Random thoughts on art, technology, stuff, and occasionally Real Estate: Open Letter To Brian Brady,

Open Letter To Brian Brady,

Hi Brian,

I was going to write this as a private email to you, then the thought occurred to me that it might stimulate some interesting discussion here on Active Rain.

Anyway, a bright young loan rep called on my office today, all ready with her company spiel about her lender's sign rider with an 800 number lead capture system.

I told her it against my policy to advertise any lender on our listing signs, and I didn't want the public to think we were in bed with any one particular lender.

As the conversation went on, I also told her that the only things that mattered to me were a). the lender performs on time and as promised, and b). that the lender knows their sh*t.

I asked her that if a client were to ask her advice on whether or not to lock in a rate today, what would she answer.  Luckily for me, she was a little uncertain on that one, so I didn't have to come up with any other questions.  A question about YSP was knocking at the back of my mind, but I realized I'd have to go back and re-read your YSP tutorial before I opened my big mouth.

Which brings me to the purpose of this little memo.

Brian, could you come up with some "talking points" that a real estate broker (or agent) could ask a potential lender about... for the express purpose of determining if the lender knows their sh*t?

And some commentary about each point?  I'd bet I'm not the only person here that would find it useful.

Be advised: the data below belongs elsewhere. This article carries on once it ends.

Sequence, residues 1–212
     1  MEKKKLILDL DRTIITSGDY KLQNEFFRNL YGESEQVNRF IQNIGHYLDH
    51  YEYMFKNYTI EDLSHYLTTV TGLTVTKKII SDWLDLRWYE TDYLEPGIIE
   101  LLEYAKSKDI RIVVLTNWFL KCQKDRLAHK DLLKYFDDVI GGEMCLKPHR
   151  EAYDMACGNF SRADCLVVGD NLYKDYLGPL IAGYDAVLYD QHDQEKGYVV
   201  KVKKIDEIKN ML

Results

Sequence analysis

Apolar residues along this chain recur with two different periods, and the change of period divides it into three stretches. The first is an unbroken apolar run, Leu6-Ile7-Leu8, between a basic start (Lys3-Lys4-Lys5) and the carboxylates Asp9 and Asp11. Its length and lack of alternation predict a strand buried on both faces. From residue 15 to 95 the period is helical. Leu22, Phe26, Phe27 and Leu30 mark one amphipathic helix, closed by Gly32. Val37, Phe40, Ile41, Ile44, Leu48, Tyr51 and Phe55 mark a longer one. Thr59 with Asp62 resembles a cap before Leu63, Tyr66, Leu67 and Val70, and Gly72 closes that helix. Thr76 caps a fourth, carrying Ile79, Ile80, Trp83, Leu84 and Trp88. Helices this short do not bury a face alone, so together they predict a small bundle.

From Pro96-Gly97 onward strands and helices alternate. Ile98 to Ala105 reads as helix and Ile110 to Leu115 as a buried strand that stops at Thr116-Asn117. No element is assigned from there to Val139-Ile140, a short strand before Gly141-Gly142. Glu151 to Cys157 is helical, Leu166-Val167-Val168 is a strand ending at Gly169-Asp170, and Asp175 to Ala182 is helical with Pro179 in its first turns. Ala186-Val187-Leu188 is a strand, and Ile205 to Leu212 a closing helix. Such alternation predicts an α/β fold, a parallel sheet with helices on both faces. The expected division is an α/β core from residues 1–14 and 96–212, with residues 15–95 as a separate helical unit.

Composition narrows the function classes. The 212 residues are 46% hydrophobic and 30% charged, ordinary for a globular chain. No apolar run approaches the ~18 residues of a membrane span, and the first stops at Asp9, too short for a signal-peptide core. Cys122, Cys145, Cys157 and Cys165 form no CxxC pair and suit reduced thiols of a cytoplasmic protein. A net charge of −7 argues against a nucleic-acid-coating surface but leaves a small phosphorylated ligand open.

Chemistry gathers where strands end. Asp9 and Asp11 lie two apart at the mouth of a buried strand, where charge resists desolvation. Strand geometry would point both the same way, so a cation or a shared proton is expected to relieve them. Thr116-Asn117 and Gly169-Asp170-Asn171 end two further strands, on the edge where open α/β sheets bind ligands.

Cheryl Johnson // Bob Tayor Properties, Inc.


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Comment balloon 16 commentsCheryl Johnson • December 28 2007 09:04PM


What a great idea Cheryl. I hope you get those "talking points" from Brian. I know I could use some.
Posted by Monika McGillicuddy, NH Real Estate Broker (Prudential Verani Realty) over 10 years ago
Even after years in the business, I would find that very useful.  I've never been one to tie myself to just one lender ... guess I just like to keep the options open for any buyers I might work with... everyone has different needs and I don't think "just one lender" relationship can ever fit everyone's needs.  I would like to have those "talking points" and I think it would make a great post.
Posted by Jan Evett, Broker Associate, 20 years+ in real estate (The Premier Property Group LLC) over 10 years ago
I like the idea too. Would love some questions.
Posted by LaNita Cates (REMAX of Joliet) over 10 years ago
Happy Holidays Cheryl I SOOOO love your blogs.  One of the best ways to find out if a lender knows their sh*t is to know it ourselves.  Many agents take the high road when it comes to loans.  They hide behind the that's not my job thing.  You do not know how to build a clock to know what time it is but you do need to know how to set the clock to get the accurate time. 
Posted by C.J. Johnson, Tehachapi-CA over 10 years ago

I am a huge fan of Brian, and agree I would love to hear his take on this, Cheryl. I have often said that Realtors who do not take the time to know their loan officers should not complain when things go wrong. You appear to have a sincere desire to make certain a loan officer knows their stuff, and for that I compliment you.

Since you have asked Brian and not me, I will refrain from answering.....but I will keep this in mind for a future post. As a former Realtor, I am always interested in improving the working relationship between mortgage professionals, and Realtors.

Posted by Janet Guilbault, San Francisco Bay Area Direct Mortgage Lender ( Guild Mortgage) over 10 years ago
Cheryl,  I found that the best relationship is developed over time.  As a normal practise we give a minimum of 2 names to customers who request a reference.